In an unexpected move, Turkish President Tayyip Erdoğan linked Sweden’s application to the Western defense alliance NATO on July 10 with practically frozen relations of Türkiye with the European Union (EU).
“First, let’s pave the way for Türkiye in the EU, and then we will pave the way for Sweden just as we did for Finland,” Erdoğan said in Ankara before leaving for Vilnius for the critical NATO summit.
The move made the weather further heavier in Sweden because of two reasons. First, Erdoğan added a new condition to approve Sweden’s membership. So far, Ankara was saying that Stockholm should take solid steps to fulfill Turkish security demands in the fight against terrorism; particularly against the outlawed Kurdistan Workers’ Party (PKK) and its affiliates. Secondly, now it involves not only Sweden but all 27 members of the EU.
It is worth noting that Hungary, a member of the EU and NATO both, did not give its approval to Sweden’s membership and postponed its parliamentary voting for the autumn months, waiting for the Turkish decision.
Sweden’s NATO bid and the F-16 angle
Erdoğan’s move came after a July 9 telephone conversation with US President Joe Biden where the main subject was Sweden’s NATO membership, following the Russian war on Ukraine. Notably, the Erdoğan-Biden meeting took place after the meeting with Swedish Prime Minister Ulf Kristersson at the White House on July 5. The image is that the US wants to get NATO approval by giving something to Türkiye without Sweden giving Türkiye what it wants.
When Biden called Erdoğan to congratulate him on his re-election on May 28, he made a connection between Sweden’s membership and the F-16 fighters that Türkiye wants to buy, which disturbed Ankara. Indeed, according to the statement of the Directorate of Communications, Erdoğan said this in his meeting with Biden yesterday and thanked Biden for his support for the F-16s. Ankara is aware that it could be said, “It’s out of our hands, Congress is blocking it,” and does not want to get hung up on that.
Erdoğan mentioned the EU to Biden
According to the readout by the Turkish Presidency, Erdoğan told Biden that Türkiye wanted “to rejuvenate the full membership process to the EU”, and asked for support. That was not in the White House readout.
To be realistic, both Ankara and Brussels have lost their appetite in this regard. The detail here that some international news organizations have oversimplified is that Erdoğan is not talking about “Turkish membership first,” but “rejuvenating the process” which is practically frozen since 2007; neither Brussels nor Ankara wants to say “No” first.
But Erdoğan’s mentioning of Türkiye’s relations with the EU to Biden and then making it public before the Summit recalls an example of the past. In February 1999 the PKK leader Abdullah Öcalan was arrested in a joint operation of the Turkish intelligence MİT and the CIA as he left the Greek Embassy in Kenya and was brought to Türkiye where he was prisoned for life.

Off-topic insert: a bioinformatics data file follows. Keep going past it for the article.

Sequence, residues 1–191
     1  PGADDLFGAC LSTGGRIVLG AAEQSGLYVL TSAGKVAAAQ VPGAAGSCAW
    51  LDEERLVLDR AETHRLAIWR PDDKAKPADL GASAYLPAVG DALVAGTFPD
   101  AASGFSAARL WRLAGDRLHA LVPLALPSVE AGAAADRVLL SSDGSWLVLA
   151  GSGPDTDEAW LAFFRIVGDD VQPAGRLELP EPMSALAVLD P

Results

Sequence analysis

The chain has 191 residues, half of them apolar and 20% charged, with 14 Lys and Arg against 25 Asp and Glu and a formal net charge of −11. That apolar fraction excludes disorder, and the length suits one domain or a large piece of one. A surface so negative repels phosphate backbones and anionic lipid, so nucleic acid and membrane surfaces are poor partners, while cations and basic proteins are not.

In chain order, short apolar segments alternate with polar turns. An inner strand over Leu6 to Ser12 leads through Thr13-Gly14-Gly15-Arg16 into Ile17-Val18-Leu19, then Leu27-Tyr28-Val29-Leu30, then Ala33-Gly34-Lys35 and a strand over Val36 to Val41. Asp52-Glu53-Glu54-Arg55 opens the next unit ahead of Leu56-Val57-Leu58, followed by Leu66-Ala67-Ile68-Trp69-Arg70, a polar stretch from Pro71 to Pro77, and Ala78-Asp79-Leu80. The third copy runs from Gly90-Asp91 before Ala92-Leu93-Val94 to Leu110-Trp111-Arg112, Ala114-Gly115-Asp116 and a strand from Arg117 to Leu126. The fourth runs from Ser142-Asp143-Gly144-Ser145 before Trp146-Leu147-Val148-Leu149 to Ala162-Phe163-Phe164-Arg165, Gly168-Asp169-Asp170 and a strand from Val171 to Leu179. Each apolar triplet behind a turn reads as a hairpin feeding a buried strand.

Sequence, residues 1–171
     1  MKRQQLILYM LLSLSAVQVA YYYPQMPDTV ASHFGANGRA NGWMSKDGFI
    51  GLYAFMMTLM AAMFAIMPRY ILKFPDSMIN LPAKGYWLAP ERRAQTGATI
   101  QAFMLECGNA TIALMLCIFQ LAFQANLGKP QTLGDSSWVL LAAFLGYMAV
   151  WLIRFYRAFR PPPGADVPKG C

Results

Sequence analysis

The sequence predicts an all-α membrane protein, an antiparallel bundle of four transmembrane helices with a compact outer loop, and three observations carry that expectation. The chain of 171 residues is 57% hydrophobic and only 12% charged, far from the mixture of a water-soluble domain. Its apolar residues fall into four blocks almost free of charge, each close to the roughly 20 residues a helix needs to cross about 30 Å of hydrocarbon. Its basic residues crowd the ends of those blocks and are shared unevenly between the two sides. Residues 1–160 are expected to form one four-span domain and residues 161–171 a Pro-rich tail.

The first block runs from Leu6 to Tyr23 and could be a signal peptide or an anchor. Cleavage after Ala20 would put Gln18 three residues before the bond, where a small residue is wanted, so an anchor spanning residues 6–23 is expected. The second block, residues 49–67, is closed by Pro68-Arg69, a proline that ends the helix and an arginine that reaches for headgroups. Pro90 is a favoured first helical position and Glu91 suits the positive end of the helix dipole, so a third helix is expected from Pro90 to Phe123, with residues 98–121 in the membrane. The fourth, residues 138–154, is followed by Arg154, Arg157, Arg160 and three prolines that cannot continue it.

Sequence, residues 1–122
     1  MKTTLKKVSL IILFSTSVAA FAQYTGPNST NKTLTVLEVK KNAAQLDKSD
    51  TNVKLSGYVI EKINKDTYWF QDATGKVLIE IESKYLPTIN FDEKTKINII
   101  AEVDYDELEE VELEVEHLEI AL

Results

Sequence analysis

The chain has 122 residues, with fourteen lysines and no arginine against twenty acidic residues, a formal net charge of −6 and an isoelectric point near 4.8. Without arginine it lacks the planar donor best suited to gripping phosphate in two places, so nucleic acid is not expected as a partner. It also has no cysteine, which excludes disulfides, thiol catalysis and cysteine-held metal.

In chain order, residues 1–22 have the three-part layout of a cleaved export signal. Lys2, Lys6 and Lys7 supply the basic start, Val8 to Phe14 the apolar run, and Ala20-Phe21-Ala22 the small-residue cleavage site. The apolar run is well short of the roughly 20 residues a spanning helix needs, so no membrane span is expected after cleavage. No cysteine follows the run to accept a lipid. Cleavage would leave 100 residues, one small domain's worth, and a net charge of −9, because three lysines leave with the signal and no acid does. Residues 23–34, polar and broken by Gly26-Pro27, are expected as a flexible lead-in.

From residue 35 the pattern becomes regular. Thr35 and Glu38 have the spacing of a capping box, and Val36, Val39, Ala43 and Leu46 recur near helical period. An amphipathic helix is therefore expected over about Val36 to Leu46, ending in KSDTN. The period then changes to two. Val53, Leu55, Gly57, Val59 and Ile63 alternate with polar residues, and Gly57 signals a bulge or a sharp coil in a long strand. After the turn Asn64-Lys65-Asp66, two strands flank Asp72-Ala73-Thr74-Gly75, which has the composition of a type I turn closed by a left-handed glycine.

In December 1999 Greece lifted its veto and Türkiye was granted EU candidacy. Perhaps Erdoğan wants to follow in the footsteps of the Bülent Ecevit’s coalition government of the time and secure a Customs Union update and visa liberalization for Türkiye over the approval of Sweden’s NATO membership.
NATO, Sweden’s move and Ukraine
In the Turkish readout it is stated that Erdoğan and Biden agreed to talk face-to-face during the NATO Summit. However, the White House statement did not mention a bilateral meeting. Why did the White House feel the need to hide this while the course of developments showed that the talk could be held? To give the impression that there is no bargain with Türkiye? However, Erdoğan once again showed that by supporting Ukraine’s NATO membership bid when he met with Ukrainian President Volodimir Zelensky on July 7 in İstanbul. Following the Turkish approval for the membership of Finland, that is a new Turkish move to show that its concern was not to prevent NATO’s strengthening against Russia but to see its demands fulfilled.
It is true that Sweden changed its anti-terrorism law at the request of Türkiye, including the constitutional amendment, due to foreign policy needs. This change was a move that scratched the charisma of Sweden, which pushed its freedom of expression limits to the extent of burning Muslims’ holy book of the Quran -followed by requests to burn copies of the Torah and Bible. But it was not enough for Ankara, it demanded concrete steps.
Intelligence sharing with Türkiye
Ankara was openly saying to Stockholm, “Just put the PKK members on trial, extradite them, and let’s agree.” However, in this case, Stockholm was worried that the PKK and its affiliated organizations, which had been comfortably organized in Sweden for decades, would cause internal security problems.
If Sweden becomes a member of NATO, it will be a part of NATO’s Joint Intelligence and Security Division (JIS) established in 2017. Institutional intelligence sharing was among NATO’s most important reforms within the framework of its 2030 targets.
Finland agreed to full intelligence sharing with both Türkiye and NATO as part of the fight against terrorism. This contributed to Türkiye’s approval of Finland’s membership. Ankara expects a similar commitment from Sweden under the NATO guarantee, in addition to extradition and trials.
And now Ankara says it also needs resumption of the EU membership process to lit the green light for Sweden’s NATO membership which makes life more difficult not only for Swedish Prime Minister Kristersson but also for US President Biden and for the NATO Secretary General Jens Stoltenberg.
His EU move made Erdoğan’s possible talks with Biden and Kristersson more crucial regarding the European geostrategic playground.